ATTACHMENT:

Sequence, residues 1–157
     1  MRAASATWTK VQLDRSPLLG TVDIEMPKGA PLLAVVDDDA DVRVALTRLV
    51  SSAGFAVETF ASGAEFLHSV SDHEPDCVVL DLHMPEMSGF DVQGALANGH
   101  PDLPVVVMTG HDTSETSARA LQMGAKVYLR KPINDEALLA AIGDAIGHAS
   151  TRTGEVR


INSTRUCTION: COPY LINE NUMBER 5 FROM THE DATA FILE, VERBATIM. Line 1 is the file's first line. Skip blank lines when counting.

   151  TRTGEVR